Now is the season for teachers to gather at their Easter conferences hurling insults at the usual Aunt Sallys, chief among them Chris Woodhead, the Chief Inspector of Schools, and his army of 10,000 inspectors - of which I am one. The tirade began last week at the annual conference of the Association of Teachers and Lecturers when the suicide of one of its members, after a lifetime of teaching, was blamed on the stress caused by inspections. This sad event was used to undermine the whole system of school inspection which is undoubtedly helping to raise standards.
The ATL debate was clouded, as it so often is, by the personality of Woodhead, who was accused of being gratuitously offensive and insensitive. He refused to write a letter of condolence to the teacher's family, although he did later express his regrets during a radio interview. It is the case that there is a vast difference between the Ofsted personified by Woodhead, and the men and women, most of us experienced and talented educational professionals, who actually carry out the work.
Ofsted-baiting will continue over the next week when opportunities will be sought to damage the inspection service at the annual conferences of the National Union of Teachers and the National Association of Schoolmasters Union of Women Teachers. It would be a foolish school inspector who argued that inspections of schools always went smoothly and without stress. It would be an equally foolish teacher, local education authority or teacher union that argued that inspections were the root cause of stress and did more harm than good.
Of course inspections cause stress. Of course mistakes are sometimes made. But it is a question of balance. And that balance must never tilt back to a public acceptance that inspections should be scrapped, that schools should be allowed to go back to the bad old days of being unaccountable. I remember times when there was literally a red line drawn across some playgrounds proclaiming, No Parents Past This Line.
The one thing that makes me angry when visiting a school - although of course it must never show - is when teachers or governors talk of "sides", as in the school and the inspectors taking opposing views. We are, or at least should be, on the same side - the children's. And from the inspector's point of view, this sometimes means pointing out some unpalatable truths usually concerned with the quality of teaching, which has a direct impact on the standards being achieved by the pupils, their behaviour and their attitudes to their work. Are people really saying that the effects of poor teaching should take second place to protecting the feelings of teachers - who, if they are under-performing, will be letting their pupils down?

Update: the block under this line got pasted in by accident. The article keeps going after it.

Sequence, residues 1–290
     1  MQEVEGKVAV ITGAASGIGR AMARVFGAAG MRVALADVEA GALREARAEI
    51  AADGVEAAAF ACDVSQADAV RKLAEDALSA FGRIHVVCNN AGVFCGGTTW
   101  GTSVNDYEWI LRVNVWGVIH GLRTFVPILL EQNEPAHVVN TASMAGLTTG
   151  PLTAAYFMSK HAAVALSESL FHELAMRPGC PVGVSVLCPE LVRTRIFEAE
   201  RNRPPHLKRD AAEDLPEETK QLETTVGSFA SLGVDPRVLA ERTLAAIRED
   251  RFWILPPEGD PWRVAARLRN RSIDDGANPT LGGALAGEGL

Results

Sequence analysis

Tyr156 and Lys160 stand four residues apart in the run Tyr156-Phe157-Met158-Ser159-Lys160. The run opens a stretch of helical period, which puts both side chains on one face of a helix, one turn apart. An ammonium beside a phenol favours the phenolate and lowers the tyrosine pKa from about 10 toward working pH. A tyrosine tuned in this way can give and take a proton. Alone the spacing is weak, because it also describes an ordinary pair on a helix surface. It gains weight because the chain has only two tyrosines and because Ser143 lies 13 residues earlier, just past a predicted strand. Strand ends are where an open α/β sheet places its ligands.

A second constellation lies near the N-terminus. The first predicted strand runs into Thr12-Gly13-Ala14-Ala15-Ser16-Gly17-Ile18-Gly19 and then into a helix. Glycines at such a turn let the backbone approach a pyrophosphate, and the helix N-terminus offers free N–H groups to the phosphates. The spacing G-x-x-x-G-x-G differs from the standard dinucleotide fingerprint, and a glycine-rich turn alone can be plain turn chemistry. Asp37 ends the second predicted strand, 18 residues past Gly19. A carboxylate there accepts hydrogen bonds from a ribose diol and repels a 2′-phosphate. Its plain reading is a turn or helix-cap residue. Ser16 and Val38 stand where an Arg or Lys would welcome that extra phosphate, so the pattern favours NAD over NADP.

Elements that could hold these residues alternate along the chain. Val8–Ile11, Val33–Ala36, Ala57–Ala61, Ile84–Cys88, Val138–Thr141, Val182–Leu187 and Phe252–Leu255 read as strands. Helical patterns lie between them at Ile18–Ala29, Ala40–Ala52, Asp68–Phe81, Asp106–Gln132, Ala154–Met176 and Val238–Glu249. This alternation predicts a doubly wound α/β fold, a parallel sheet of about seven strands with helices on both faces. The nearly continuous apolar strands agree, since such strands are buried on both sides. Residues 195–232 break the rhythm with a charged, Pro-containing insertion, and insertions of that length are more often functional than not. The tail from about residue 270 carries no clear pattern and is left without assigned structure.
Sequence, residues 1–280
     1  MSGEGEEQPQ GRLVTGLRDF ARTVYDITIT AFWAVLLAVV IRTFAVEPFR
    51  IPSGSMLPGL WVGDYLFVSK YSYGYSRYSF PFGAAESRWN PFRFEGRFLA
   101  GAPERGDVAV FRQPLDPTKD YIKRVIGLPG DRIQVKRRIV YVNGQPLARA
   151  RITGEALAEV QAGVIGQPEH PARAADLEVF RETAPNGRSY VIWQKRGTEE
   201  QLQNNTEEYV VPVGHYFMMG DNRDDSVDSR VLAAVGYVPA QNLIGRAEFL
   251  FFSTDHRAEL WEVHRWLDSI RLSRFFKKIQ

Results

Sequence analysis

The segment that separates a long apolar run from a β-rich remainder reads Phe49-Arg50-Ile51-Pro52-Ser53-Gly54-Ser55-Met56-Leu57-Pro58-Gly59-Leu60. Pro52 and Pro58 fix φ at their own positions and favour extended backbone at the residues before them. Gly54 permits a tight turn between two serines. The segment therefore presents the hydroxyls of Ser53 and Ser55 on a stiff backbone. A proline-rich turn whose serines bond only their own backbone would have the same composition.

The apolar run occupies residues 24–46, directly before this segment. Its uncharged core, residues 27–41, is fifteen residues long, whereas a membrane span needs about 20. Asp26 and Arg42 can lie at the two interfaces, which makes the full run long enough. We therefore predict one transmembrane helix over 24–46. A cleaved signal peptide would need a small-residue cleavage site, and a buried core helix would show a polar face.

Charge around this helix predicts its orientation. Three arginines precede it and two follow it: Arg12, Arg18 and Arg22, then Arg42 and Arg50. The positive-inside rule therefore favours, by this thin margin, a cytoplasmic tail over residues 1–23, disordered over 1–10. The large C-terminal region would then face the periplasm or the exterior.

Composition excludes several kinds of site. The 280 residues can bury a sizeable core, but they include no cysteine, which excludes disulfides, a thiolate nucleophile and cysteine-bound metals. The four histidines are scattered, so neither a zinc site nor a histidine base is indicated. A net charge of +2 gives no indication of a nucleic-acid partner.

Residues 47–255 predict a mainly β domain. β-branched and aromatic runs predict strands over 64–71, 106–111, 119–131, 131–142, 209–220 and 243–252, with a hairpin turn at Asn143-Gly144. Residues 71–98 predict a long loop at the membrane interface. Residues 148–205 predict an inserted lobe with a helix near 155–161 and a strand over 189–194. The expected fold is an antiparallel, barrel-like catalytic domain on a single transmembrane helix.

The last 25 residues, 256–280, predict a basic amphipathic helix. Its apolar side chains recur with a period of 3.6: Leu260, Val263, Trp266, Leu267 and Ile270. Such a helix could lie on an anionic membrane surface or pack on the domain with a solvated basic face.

When inspections began in September 1992, things did go wrong. Reports were full of jargon and impenetrable to the lay reader; some judgements were not backed by secure evidence; and schools that should have been labelled as failing their pupils escaped because of the inexperience of inspectors who were not prepared to grasp the nettle. The price is being paid by those schools now which, having "escaped" the first time, are being judged as failing or having serious weaknesses.
Some inspectors were guilty of bullying tactics, but it is becoming increasingly hard for them to hide. Since 1992, 577 registered inspectors have lost their right to lead school inspections. The imperative in the beginning was to inspect the 4,000 secondary and 19,000 primary schools in England. Insufficient thought was given to the quality of the inspection or the inspectors.
Now the arrangements for inspections have been changed. There is less pressure on schools and more pressure on inspectors to get it right. Good schools are given light-touch inspections, typically involving five inspectors for three days in a 500-pupil secondary school. A full inspection of the same school would involve 10 or 12 inspectors working between three and five days each. The other important shift of emphasis is on monitoring the quality of inspectors and inspections. This term, about a third of the 1,100 inspections have either been visited, or the reports read, by Her Majesty's Inspectors of Schools. Brief written appraisals are sent to inspectors, identifying any areas of their work requiring improvement.
Schools, quite rightly, are becoming much more aware of their rights within the system. The hue and cry from the vested interests are in danger of damaging what in most cases is a positive experience for schools. One colleague came home from an inspection to find a basket of flowers from a school - and no, it was not a wreath. There is nothing inspectors like more than finding a school they would send their own children to, where the good lessons make them cry; there is nothing we like less than reporting on the 10 per cent or so of schools that are failing their pupils.
It is not in anybody's interests for poor-quality inspectors to stalk our schools. Equally, it is not in anybody's interest - least of all the nation's children - for poor teachers to continue in the classroom.
Robert Frederick - not his real name - is an Ofsted Registered Inspector.Reuse content